Franco v. Bartos et al

Filing 19

REPORT AND RECOMMENDATION re 1 Petition for Writ of Habeas Corpus : Recommending that the petition be dismissed as untimely. Signed by Magistrate Judge Hector C Estrada on 11/17/08. (DMT, )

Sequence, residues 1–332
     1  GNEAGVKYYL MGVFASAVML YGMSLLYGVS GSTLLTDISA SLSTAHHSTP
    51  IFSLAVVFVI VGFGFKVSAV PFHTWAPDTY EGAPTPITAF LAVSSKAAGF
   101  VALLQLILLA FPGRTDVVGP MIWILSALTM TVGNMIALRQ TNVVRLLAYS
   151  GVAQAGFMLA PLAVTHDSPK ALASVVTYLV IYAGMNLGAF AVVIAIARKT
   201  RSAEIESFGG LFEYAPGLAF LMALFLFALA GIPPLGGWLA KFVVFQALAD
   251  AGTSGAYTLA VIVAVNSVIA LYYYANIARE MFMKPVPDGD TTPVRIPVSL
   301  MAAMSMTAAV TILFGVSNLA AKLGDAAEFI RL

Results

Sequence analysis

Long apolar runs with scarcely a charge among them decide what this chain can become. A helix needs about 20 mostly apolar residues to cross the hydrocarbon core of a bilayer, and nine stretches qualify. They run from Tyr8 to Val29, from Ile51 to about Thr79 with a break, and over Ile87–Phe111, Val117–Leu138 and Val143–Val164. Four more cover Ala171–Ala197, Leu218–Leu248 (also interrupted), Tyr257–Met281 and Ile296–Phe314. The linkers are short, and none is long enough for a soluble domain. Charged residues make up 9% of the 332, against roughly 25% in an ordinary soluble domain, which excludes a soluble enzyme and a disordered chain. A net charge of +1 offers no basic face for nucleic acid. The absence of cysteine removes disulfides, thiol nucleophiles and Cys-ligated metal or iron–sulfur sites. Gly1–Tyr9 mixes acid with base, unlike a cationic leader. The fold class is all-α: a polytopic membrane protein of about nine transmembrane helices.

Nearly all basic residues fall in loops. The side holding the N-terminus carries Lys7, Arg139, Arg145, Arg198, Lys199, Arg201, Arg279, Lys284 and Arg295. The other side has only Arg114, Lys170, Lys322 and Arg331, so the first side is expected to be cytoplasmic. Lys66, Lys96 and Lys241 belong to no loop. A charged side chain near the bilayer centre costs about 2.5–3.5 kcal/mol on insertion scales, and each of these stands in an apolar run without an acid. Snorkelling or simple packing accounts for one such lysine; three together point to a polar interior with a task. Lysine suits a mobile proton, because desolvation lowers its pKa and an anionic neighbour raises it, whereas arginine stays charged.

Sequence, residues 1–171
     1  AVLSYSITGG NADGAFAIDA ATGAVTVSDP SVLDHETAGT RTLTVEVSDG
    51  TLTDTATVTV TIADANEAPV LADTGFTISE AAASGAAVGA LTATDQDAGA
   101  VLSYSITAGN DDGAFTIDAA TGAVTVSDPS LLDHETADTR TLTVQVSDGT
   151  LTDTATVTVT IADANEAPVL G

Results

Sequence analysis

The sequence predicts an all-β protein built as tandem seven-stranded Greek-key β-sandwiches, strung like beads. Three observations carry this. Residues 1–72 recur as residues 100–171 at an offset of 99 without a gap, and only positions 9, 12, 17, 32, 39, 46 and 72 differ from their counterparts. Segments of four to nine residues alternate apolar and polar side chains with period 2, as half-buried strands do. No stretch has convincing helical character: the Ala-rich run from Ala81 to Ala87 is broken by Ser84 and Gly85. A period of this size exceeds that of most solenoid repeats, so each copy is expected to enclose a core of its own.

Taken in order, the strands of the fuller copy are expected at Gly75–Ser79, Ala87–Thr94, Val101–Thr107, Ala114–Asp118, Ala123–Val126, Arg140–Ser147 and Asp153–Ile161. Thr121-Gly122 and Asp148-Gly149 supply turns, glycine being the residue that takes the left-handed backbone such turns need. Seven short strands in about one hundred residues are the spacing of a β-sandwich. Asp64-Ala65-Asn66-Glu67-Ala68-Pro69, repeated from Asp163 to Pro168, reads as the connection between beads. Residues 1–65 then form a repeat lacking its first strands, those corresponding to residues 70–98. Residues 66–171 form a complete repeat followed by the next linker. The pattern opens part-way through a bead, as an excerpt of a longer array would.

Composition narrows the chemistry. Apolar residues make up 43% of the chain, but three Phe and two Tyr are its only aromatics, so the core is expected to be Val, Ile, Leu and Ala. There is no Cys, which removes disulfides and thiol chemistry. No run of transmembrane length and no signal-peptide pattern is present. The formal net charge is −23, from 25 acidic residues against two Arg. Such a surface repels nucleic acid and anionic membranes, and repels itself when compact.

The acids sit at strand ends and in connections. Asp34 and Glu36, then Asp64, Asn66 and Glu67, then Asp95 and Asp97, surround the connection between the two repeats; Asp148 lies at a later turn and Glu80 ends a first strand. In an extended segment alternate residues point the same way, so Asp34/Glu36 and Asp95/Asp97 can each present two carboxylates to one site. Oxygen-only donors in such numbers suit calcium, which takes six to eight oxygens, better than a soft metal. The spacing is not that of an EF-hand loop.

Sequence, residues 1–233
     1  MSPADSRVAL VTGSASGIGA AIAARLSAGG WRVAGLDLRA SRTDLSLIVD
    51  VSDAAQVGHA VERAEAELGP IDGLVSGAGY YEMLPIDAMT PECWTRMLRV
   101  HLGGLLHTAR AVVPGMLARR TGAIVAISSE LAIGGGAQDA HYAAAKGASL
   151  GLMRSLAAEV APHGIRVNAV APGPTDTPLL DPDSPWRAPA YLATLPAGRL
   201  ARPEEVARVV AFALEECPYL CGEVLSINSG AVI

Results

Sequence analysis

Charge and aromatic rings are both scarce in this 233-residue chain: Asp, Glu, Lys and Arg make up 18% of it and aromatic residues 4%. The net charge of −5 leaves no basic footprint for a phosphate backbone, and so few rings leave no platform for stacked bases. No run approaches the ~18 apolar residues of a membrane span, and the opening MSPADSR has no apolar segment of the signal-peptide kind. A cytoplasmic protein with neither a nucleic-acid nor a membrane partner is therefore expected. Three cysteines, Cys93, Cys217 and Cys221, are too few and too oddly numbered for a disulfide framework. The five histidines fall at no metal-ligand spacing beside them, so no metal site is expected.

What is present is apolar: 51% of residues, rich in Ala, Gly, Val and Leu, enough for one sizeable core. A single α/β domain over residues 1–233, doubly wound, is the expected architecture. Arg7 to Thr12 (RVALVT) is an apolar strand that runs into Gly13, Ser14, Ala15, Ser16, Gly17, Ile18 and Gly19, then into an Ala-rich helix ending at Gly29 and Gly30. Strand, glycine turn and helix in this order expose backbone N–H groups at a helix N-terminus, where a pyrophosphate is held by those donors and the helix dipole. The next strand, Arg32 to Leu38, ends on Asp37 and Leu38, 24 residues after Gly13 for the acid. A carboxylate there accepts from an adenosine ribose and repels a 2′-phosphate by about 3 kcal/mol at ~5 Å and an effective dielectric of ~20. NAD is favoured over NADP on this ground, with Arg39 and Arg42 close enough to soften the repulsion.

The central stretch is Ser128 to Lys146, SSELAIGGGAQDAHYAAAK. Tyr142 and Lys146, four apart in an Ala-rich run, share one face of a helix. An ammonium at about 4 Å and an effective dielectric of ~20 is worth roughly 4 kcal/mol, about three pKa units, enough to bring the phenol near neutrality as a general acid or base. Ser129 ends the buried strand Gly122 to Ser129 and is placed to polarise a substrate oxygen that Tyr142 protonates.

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1 2 3 4 5 6 7 8 9 10 11 12 13 14 15 16 17 18 19 20 21 22 23 24 25 26 27 28 Pending before the Court is Petitioner's pro se Petition for Writ of Habeas Corpus pursuant to 28 U.S.C. § 2254. Pursuant to the Rules of Practice of this Court, this matter was referred to the undersigned Magistrate Judge. For the following reasons the Magistrate Judge recommends that the District Court dismiss the Petition as untimely. I. FACTUAL & PROCEDURAL BACKGROUND A. State Proceedings vs. Edward Bartos; et. al., Respondents. Rudy Franco, Petitioner, ) ) ) ) ) ) ) ) ) ) ) ) No. CV 07-173-PHX-NVW (HCE) REPORT & RECOMMENDATION IN THE UNITED STATES DISTRICT COURT FOR THE DISTRICT OF ARIZONA On August 10, 2004, the State of Arizona charged Petitioner with three counts of Sexual Conduct With A Minor (Counts 1, 2, and 4) and one count of Sexual Abuse Of A Minor (Count 3). (Answer, Ex. A) (Doc. No. 15) On November 19, 2004, Petitioner pled guilty to one count of sexual conduct with a minor (Count 1) and two counts of attempted sexual conduct with a minor (Counts 2 and 4). (Answer, Ex. B) On January 14, 2005, the 1 2 3 4 5 6 7 8 9 10 11 12 13 14 15 16 17 18 19 20 21 22 23 24 25 26 27 28 trial court sentenced Petitioner to a term of 20 years of imprisonment on Count 1 and to a term of probation on Counts 2 and 4. (Answer, Ex. C) On January 19, 2005, Petitioner filed a Notice of Post-Conviction Relief. (Answer, Ex. D) On August 2, 2005 Petitioner filed his pro se Petition for Post-Conviction Relief (hereinafter "PCR Petition"). (Answer, Ex. E) On October 28, 2005, the state trial court dismissed Petitioner's PCR Petitioner for failure to present a colorable claim. (Answer, Ex. G) On November 30, 2005 Petitioner filed a second Notice of Post-Conviction Relief which the state court dismissed on December 13, 2005 because Petitioner's claims "either were or should have been raised in his first Rule 32 [i.e., post-conviction relief] proceeding." (Petition, attachment page 25 of 30; Answer, Ex. H, I) Petitioner did not appeal the state court orders regarding his PCR petitions or seek other collateral review in the state court. (Answer, p. 2 & Ex. I) B. Federal Proceeding The instant pro se Petition for federal habeas relief was signed by Petitioner on January 14, 2007 and filed-stamped by the Clerk of the Court on January 25, 2007. (Doc. No. 1) A federal habeas petition is deemed filed when handed by the inmate to a prison official for mailing. See Houston v. Lack, 487 U.S. 266, 270-271 (1988); Patterson v. Stewart, 251 F.3d 1243, 1245 n.2 (9th Cir. 2001) ("Under the prison mailbox rule...a pro se petitioner's petition is deemed constructively filed at the moment it is delivered to prison officials to be forwarded to the court clerk.") The Court deems the Petition commencing this action as filed on January 14, 2007. See id. Petitioner raises the following grounds for relief: 1. His conviction or sentence violated the "Fifth Amendment provision for compulsory self incrimination without due process of the laws" in that he alleges that his attorney coerced him into signing the plea agreement (Petition, p. 5); 2. Ineffective assistance of counsel (Id. at pp. 6, 10) -2- 1 2 3 4 5 6 7 8 9 10 11 12 13 14 15 16 17 18 19 20 21 22 23 24 25 26 27 28 3. His conviction or sentence violated the "Sixth Amendment provision for compulsory process for obtaining witnesses and confronting witnesses" (Id. at p.7); and 4. His conviction or sentence violated the Fourteenth Amendment, Section 1, in that the trial court denied his constitutional rights at every stage of his court proceeding (Id. at pp.8, 11-10). On July 10, 2007, Respondents filed their Answer wherein they argued that the Petition is untimely.1 Petitioner did not file a reply.2 II. DISCUSSION Respondents argue that Petitioner's Petition is time-barred under the Antiterrorism and Effective Death Penalty Act of 1996 (hereinafter "AEDPA"). The Antiterrorism and Effective Death Penalty Act of 1996 (hereinafter "AEDPA") "imposes a one-year statute of limitations on habeas corpus petitions filed by state prisoners in federal court." Malcom v. Payne, 281 F.3d 951, 955 (9th Cir. 2002) (citing 28 U.S.C. § 2244(d)(1)) Pursuant to section 2244, the limitations period shall run from the latest of­ (A) the date on which the judgment became final by the conclusion of direct review or the expiration of the time for seeking such review; (B) the date on which the impediment to filing an application created by State action in violation of the Constitution or laws of the United States is removed, if the applicant was prevented from filing by such State action; (C) the date on which the constitutional right asserted was initially recognized by the Supreme Court, if the right has been 1 Respondents also point out that Petitioner failed to exhaust his claims because he did not present any of his claims to the state appellate courts. (Answer, p.7 n.3 (citations omitted)) Because the instant matter can be resolved on statute of limitations grounds, the Court does not address Respondents' argument regarding exhaustion. Petitioner filed a Motion to Stay (Doc. No. 16) so that he could exhaust state court remedies. The Court denied Petitioner's Motion as premature in light of the statute of limitations issue and granted Petitioner an extension of time to file his Reply. (Doc. No. 18 (noting that if the Petition is untimely as Respondents contend, then a stay would be unwarranted)) -32 1 2 3 4 5 6 7 8 9 10 11 12 13 14 15 16 17 18 19 20 21 22 23 24 25 26 27 28 newly recognized by the Supreme Court and made retroactively applicable to cases on collateral review; or (D) the date on which the factual predicate of the claim or claims presented could have been discovered through the exercise of due diligence. 28 U.S.C. §2244(d)(1)(A)-(D). As discussed infra, the statute of limitations may be statutorily or equitably tolled. Malcom, 281 F.3d at 955. A. Commencement of limitations period under 28 U.S.C. § 2244(d)(1) For Arizona criminal defendants, like Petitioner herein, who stand convicted pursuant to a guilty plea, the AEDPA statute of limitations does not begin to run "until the conclusion of the Rule 32 of-right proceeding and review of that proceeding, or until the expiration of the time for seeking such proceeding or review." Summers v. Schriro, 481 F.3d 710, 711 (9th Cir. 2007) (holding that Arizona's Rule 32 of-right proceeding for plea-convicted defendants is a form of direct review within the meaning of 28 U.S.C. § 2244(d)(1)). Petitioner filed a Rule 32 of-right proceeding when he initiated his first PCR Petition in January 2005. That proceeding concluded in the trial court on October 28, 2005. (Answer, Ex. G) Petitioner had 30 days to seek appellate-court review of the trial court's dismissal of his PCR Petition, but he did not seek such review. See Ariz.R.Cr.P. 32.9(c). Thus, Petitioner's conviction and sentence became final on November 28, 2005­ thirty3 days after the trial court dismissed Petitioner's PCR Petition­ when Petitioner's opportunity to petition the Arizona Court of Appeals for review expired. Although direct review is not normally complete until the time for filing a petition for writ of certiorari before the United States Supreme Court has expired, see Bowen v. Roe, 188 F.3d 1157, 1159 (9th Cir. 1999), certiorari can only be sought following a decision or denial of discretionary review by the state court of last resort. See SupCt.R.13. Because Petitioner did not seek appellate review, the 90-day period for seeking certiorari does not apply. Accordingly, Petitioner was Because the thirtieth day fell on Sunday, November 27, 2005, the Court uses Monday, November 28, 2005 for the calculation. -4- 3 1 2 3 4 5 6 7 8 9 10 11 12 13 14 15 16 17 18 19 20 21 22 23 24 25 26 27 28 required to file his petition for writ of habeas corpus within 1 year of the date his conviction became final. Thus, Petitioner had until November 29, 2006 to seek federal habeas relief. See Patterson, 251 F.3d at 1246-1247. The instant Petition, deemed filed on January 14, 2007, is therefore time-barred unless an alternative calculation for the commencement date of the statute of limitations applies or unless the limitations period is tolled. Petitioner does not suggest an alternative calculation of the commencement date of the AEDPA, nor does the record support application of 28 U.S.C. § 2244(d)(1)(B)-2244(d)(1)(D). Therefore the instant Petition is time-barred unless Petitioner can establish that the limitations period was tolled in such a way as to make his Petition timely. B. Statutory tolling The AEDPA limitations period is statutorily tolled when a "properly filed application for State post-conviction or other collateral review with respect to the pertinent judgment or claim is pending...." 28 U.S.C. § 2244(d)(2). Petitioner filed a Second Notice of Post-Conviction Relief on November 30, 2005. On December 13, 2005, the state court dismissed the Second Notice as untimely. (Answer, Ex. H) Generally, an untimely notice of post-conviction relief is not considered to be properly filed and, therefore, does not result in statutory tolling. See Rotondo v. Schriro, 2007 WL 1296985 *4 (D.Ariz. Apr. 30, 2007) (citing Pace v. DiGuglielmo, 544 U.S. 408, 408-409 (2005); Artuz v. Bennett, 531 U.S. 4, 8 (2000)). Moreover, even if the Court were to toll the AEDPA statute of limitations for the fourteen-day period during which Petitioner's Second Notice of Post-Conviction Relief was pending (from November 30, 2005 to December 13, 2005), the Petition is still untimely. Under such calculation, the limitations period commenced running on November 29, 2005, was tolled between November 30, 2005 when Petitioner filed his Second Notice and December 13, 2005 when such Notice was dismissed, and resumed on December 14, 2005. See Evans v. Chavis, 546 U.S. 189, 191 (2006) (with regard to statutory tolling under section 2244(d)(2) only a timely appeal tolls the AEDPA's 1-year limitations period for the time between the lower court's adverse decision and the filing of a notice of appeal in the higher court.) Thus, under such -5- 1 2 3 4 5 6 7 8 9 10 11 12 13 14 15 16 17 18 19 20 21 22 23 24 25 26 27 28 calculation, the AEDPA limitations period expired on December 14, 2006. Petitioner's federal habeas petition was filed after the AEDPA statute of limitations expired. Consequently, the Petition is time-barred unless equitable tolling applies. C. Equitable tolling4 Equitable tolling may apply if a petitioner has been pursuing his rights diligently, and some extraordinary circumstance beyond his control make it impossible to file a petition on time. Pace, 544 U.S. at 418; Harris, 515 F.3d at 1054. Petitioner must also establish a "causal connection" between the extraordinary circumstance and his failure to file a timely petition. Bryant v. Arizona Attorney General, 499 F.3d 1056, 1061 (9th Cir.2007). Further, a petitioner's "lack of legal sophistication is not, by itself, an extraordinary circumstance warranting equitable tolling." Rasberry v. Garcia, 448 F.3d 1150, 1154 (9th Cir. 2006); see also Fisher v. Johnson, 174 F.3d 710, 714-716 (5th Cir. 1999) ("ignorance of the law, even for an incarcerated pro se petitioner, generally does not" warrant equitable tolling of the AEDPA statute of limitations). Respondents correctly point out that "Petitioner has not asserted a basis for equitable tolling, and no extraordinary circumstances or due diligence are discernible from the record before the Court." (Answer, p. 6) Petitioner raised no grounds for equitable tolling in his petition and he did not file a reply. Because Petitioner has failed to demonstrate that he diligently pursued his rights and that extraordinary circumstances prevented him from filing a timely federal habeas petition, the AEDPA statute of limitations is not subject to equitable tolling in Petitioner's case. Consequently, the instant Petition must be dismissed as untimely. 4 In the wake of Bowles v. Russell, ___ U.S. ___, 127 S.Ct. 2360 (2007), the availability of equitable tolling may be in question. But see Lopez v. Bock, 2008 WL 2545073 *3 (D.Ariz. June 23, 2008) (rejecting magistrate judge's recommendation "that equitable tolling is...not available" in light of Bowles and noting that "the Ninth Circuit has continued to apply equitable tolling to the AEDPA's statute of limitations post-Bowles." ) (citing Harris v. Carter, 515 F.3d 1051, 1054, n.4 (9th Cir. 2008)). As discussed infra, this Court need not resolve the issue "because even assuming equitable tolling remains viable after Bowles,...Petitioner does not satisfy the requirements for such tolling." Faulkner v. Schriro, 2008 WL 4138120 *8 (D.Ariz. Sept. 3, 2008). -6- 1 2 3 4 5 6 7 8 9 10 11 12 13 14 15 16 17 18 19 20 21 22 23 24 25 26 27 28 III. RECOMMENDATION For the foregoing reasons, the Magistrate Judge recommends that the District Court dismiss Petitioner's Petition for Writ of Habeas Corpus (Doc. No. 1) as untimely. Pursuant to 28 U.S.C. §636(b), any party may serve and file written objections within ten days after being served with a copy of this Report and Recommendation. A party may respond to another party's objections within ten days after being served with a copy thereof. Fed.R.Civ.P. 72(b). If objections are filed, the parties should use the following case number: CV 07-173-PHX-NVW. If objections are not timely filed, then the parties' right to de novo review by the District Court may be deemed waived. See United States v. Reyna-Tapia, 328 F.3d 1114, 1121 (9th Cir.) (en banc), cert. denied, 540 U.S. 900 (2003). DATED this 17th day of November, 2008. -7-